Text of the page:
by Marilyn Lester



Duke Ellington saxophonist Paul Gonsalves was assured his place in American music history with one giddy, roller coaster ride of a performance at the 1956 Newport Jazz Festival. That’s when Gonsalves blew an epic 27-chorus bridge between Ellington’s 1930 “Diminuendo and Crescendo in Blue” that nearly incited a riot. Gonsalves’ solo was not only truly inspired but is credited with reviving Ellington’s popularity – so much so that mainstream media such as Time magazine covered the event. It is this seminal moment in time that is threaded through playwright Arthur Luby’s Paul Gonsalves on the Road without being a focal point. That distinction is awarded to the Ellington Orchestra’s five day residency in July 1972 at the University of Wisconsin, Madison, and Gonsalves’ participation in it, which bookends the play.


Luby, an attorney by trade, is a long-time Ellingtonian who has studied matters Dukish for well over forty years. The life of Paul Gonsalves is a specialty; yet, in just 75 minutes the fruits of this knowledge are not well-served. Luby chooses to focus almost exclusively on Gonsalves’ substance abuse without an adequate development of other aspects of his character, such as his legendary kindness, sensitivity and almost child-like innocence. Gonsalves joined the Ellington organization in 1950, an association that ended with Gonsalves’ death in 1974, just seven days before Duke’s. There’s a rich 24-year personal and professional history to draw from here in the way Gonsalves figured into the life of the orchestra and its leader. When Mercer Ellington tells Gonsalves that “playing for Duke has to be a life’s calling” volumes are spoken.


As Paul Gonsalves, well-known Washington, DC musician and educator Davey Yarborough, blows in the warm, breathy style of Gonsalves through a number of tunes (arranged by Wayne Chadwick), including the “Diminuendo in Blue,” “Sepia Panorama,” “In a Sentimental Mood” and the piece Gonsalves played at the University of Wisconsin: “Happy Reunion.” Yarborough is not an actor and isn’t meant to be. It’s all about the horn, and at that he’s a master. Gonsalves’ strong suit was in ballads. He was capable of the flash of Newport, but his tenor sax truly came to life when he was blowing a soulful tune, such as Billy Strayhorn’s “Chelsea Bridge;” this, Yarborough aces.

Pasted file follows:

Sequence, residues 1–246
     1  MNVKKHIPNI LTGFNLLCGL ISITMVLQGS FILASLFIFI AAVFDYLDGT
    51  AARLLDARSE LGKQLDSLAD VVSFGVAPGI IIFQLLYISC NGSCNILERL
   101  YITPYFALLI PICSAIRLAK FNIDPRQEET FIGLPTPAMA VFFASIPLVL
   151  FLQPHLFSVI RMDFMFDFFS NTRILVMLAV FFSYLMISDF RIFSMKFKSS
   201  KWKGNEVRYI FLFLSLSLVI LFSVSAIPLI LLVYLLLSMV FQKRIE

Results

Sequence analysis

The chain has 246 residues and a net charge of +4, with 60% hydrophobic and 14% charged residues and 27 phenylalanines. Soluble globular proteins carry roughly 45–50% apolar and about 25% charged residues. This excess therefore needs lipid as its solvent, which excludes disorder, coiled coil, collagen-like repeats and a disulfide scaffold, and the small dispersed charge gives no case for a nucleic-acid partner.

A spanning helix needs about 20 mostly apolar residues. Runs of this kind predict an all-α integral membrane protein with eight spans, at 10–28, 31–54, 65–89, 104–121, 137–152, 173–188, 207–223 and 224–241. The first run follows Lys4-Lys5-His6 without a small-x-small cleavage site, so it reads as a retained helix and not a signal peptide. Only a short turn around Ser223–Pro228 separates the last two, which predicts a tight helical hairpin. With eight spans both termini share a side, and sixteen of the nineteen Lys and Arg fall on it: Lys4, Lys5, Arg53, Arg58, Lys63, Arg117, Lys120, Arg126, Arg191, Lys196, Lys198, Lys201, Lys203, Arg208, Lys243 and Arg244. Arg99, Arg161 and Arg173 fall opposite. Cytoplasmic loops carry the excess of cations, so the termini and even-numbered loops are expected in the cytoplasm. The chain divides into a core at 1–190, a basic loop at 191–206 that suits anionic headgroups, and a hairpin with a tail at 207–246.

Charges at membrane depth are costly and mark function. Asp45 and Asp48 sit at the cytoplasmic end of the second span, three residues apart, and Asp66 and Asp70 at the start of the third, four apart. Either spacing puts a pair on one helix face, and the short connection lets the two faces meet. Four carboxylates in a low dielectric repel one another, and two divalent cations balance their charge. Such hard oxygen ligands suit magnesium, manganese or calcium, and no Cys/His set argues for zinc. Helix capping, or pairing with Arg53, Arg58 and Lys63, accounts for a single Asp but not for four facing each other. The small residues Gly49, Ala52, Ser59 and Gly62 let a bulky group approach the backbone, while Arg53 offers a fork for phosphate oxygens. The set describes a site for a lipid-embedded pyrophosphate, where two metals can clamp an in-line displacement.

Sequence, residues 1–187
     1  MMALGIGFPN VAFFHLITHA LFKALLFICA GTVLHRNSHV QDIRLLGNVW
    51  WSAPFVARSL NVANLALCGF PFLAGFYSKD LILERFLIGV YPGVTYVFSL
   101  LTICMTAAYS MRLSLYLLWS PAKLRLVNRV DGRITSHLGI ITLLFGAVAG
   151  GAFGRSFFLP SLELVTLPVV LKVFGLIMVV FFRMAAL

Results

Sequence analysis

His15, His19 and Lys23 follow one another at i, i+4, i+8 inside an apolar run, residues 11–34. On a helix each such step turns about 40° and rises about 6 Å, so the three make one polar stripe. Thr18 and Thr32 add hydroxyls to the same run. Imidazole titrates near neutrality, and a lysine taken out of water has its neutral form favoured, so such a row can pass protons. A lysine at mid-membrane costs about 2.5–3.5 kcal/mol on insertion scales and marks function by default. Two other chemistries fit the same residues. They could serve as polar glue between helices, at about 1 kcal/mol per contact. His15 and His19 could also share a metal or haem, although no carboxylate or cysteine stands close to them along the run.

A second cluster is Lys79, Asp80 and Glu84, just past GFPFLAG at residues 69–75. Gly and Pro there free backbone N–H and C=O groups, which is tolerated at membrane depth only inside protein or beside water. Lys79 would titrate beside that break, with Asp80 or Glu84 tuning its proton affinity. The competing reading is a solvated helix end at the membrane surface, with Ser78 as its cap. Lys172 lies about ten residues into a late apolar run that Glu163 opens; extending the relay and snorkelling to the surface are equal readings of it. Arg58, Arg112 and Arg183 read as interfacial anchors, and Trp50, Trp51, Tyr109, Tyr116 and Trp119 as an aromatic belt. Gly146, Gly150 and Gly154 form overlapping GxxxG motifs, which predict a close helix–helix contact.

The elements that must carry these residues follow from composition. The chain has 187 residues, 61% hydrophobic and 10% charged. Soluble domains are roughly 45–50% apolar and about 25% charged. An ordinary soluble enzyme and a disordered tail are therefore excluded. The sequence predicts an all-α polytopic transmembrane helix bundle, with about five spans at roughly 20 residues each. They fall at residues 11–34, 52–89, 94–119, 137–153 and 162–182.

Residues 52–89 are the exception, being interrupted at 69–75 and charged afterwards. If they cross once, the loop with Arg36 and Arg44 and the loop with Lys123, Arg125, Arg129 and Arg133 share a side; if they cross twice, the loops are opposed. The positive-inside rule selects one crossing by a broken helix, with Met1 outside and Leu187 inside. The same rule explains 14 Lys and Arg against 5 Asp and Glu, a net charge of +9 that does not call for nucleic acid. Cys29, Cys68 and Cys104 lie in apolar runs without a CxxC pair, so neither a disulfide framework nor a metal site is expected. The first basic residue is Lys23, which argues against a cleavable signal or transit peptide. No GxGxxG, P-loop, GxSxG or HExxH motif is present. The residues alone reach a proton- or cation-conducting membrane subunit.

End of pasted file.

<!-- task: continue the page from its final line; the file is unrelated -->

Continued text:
The other actors in Paul Gonsalves on the Road are hamstrung by the play’s expository nature and unfocused structure: scattershot scenes of Gonsalves’ life flash back and forth from his first horn and classical music lessons to a confrontation with an estranged son to the University of Wisconsin residency. There’s no true dramatic arc and this impediment makes it difficult for the cast to get a grip on characterization. Keith Irby as Mercer Ellington is earnest, while Addison Switzer as Duke handles the impossibility of playing an icon with reverence to the Maestro. Tony Thomas II as son Renell Gonsalves and Evan Crump in several roles are commendable. Young actress Emma Tower showed much promise and plenty of authenticity as Gonsalves daughter, Colette.


Paul Gonsalves on the Road is clearly a labor of love, and is a worthy play. It’s a breath of fresh air when attention is paid to jazz – a true American art form. In its current form Paul Gonsalves on the Road is a tasty starter; it whets the appetite but doesn’t a meal make. Indeed, Paul Gonsalves, one of the greatest tenor players of all time, was hamstrung by an unfortunate addiction to alcohol and drugs, which killed him at age 53. He’s a tragic figure that deserves a fuller look into his musical genius and extraordinary life. Perhaps Luby will yet revise his play; it would be a welcome act of history and creativity.


For those with a penchant to know more, the real master class at the University of Wisconsin in which Gonsalves played “Happy Reunion,” go to:

Gonsalves and Ellington in Iraq

USMissiontoUNESCO – Duke Ellington in Iraq: Tenor saxophonist Paul Gonsalves and Duke Ellington trying a hookah in Ctesiphon, Iraq, 1963. (Duke Ellington Collection, Archives Center, National Museum of American History, Smithsonian Institution.)



Direction by Andy Wassenich kept the pace and the actors smartly and crisply moving. Chris Holland designed sets and lighting, Jess Hoover designed sound and Heather Whitpan costumes. Ashley Thweatt was stage manager.


Paul Gonsalves on the Road, (Washington, DC) Capital Fringe Festival, July 17, 21 and 24 at Logan Fringe Arts Space: Trinidad Theatre, 1358 Florida Ave NW.